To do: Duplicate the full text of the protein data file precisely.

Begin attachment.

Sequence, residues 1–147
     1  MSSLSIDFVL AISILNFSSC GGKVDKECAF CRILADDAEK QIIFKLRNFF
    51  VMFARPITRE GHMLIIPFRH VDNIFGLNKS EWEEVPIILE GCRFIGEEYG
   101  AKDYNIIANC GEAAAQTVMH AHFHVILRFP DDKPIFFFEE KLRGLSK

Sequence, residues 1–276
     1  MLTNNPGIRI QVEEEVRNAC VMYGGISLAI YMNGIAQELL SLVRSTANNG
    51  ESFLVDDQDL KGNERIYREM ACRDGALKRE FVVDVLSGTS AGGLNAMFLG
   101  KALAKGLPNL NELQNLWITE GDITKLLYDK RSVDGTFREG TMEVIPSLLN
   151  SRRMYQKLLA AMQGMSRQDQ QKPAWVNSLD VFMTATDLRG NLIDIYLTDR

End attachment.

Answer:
Sequence, residues 1–147
     1  MSSLSIDFVL AISILNFSSC GGKVDKECAF CRILADDAEK QIIFKLRNFF
    51  VMFARPITRE GHMLIIPFRH VDNIFGLNKS EWEEVPIILE GCRFIGEEYG
   101  AKDYNIIANC GEAAAQTVMH AHFHVILRFP DDKPIFFFEE KLRGLSK

Sequence, residues 1–276
     1  MLTNNPGIRI QVEEEVRNAC VMYGGISLAI YMNGIAQELL SLVRSTANNG
    51  ESFLVDDQDL KGNERIYREM ACRDGALKRE FVVDVLSGTS AGGLNAMFLG
   101  KALAKGLPNL NELQNLWITE GDITKLLYDK RSVDGTFREG TMEVIPSLLN
   151  SRRMYQKLLA AMQGMSRQDQ QKPAWVNSLD VFMTATDLRG NLIDIYLTDR